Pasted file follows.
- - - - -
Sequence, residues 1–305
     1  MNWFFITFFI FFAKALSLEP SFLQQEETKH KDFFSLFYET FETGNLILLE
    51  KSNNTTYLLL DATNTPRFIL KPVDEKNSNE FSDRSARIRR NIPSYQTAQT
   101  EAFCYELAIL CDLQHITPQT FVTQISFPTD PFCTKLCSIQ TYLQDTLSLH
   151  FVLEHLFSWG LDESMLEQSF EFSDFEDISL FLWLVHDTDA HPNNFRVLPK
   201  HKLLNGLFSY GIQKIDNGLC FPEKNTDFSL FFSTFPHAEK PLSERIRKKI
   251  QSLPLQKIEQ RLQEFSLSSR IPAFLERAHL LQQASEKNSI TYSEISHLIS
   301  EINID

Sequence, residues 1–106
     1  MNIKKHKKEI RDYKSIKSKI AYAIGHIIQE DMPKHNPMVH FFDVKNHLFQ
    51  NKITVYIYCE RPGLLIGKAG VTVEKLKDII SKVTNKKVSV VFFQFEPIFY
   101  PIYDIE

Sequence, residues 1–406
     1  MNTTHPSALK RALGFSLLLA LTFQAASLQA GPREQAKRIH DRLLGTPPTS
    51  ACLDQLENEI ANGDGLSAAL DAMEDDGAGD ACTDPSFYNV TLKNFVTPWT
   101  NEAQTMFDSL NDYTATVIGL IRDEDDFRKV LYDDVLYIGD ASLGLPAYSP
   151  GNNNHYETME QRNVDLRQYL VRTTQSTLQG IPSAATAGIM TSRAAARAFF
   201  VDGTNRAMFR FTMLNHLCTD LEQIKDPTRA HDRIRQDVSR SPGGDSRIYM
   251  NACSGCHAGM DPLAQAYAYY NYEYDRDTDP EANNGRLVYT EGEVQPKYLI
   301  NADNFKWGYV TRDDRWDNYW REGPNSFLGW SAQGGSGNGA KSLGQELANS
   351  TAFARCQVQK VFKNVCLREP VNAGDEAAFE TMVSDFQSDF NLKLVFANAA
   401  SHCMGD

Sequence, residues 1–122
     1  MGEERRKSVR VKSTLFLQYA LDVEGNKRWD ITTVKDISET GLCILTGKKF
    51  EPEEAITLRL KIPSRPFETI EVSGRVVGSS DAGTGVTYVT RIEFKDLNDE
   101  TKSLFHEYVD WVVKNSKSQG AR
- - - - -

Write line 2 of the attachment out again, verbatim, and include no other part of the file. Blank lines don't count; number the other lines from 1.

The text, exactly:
     1  MNWFFITFFI FFAKALSLEP SFLQQEETKH KDFFSLFYET FETGNLILLE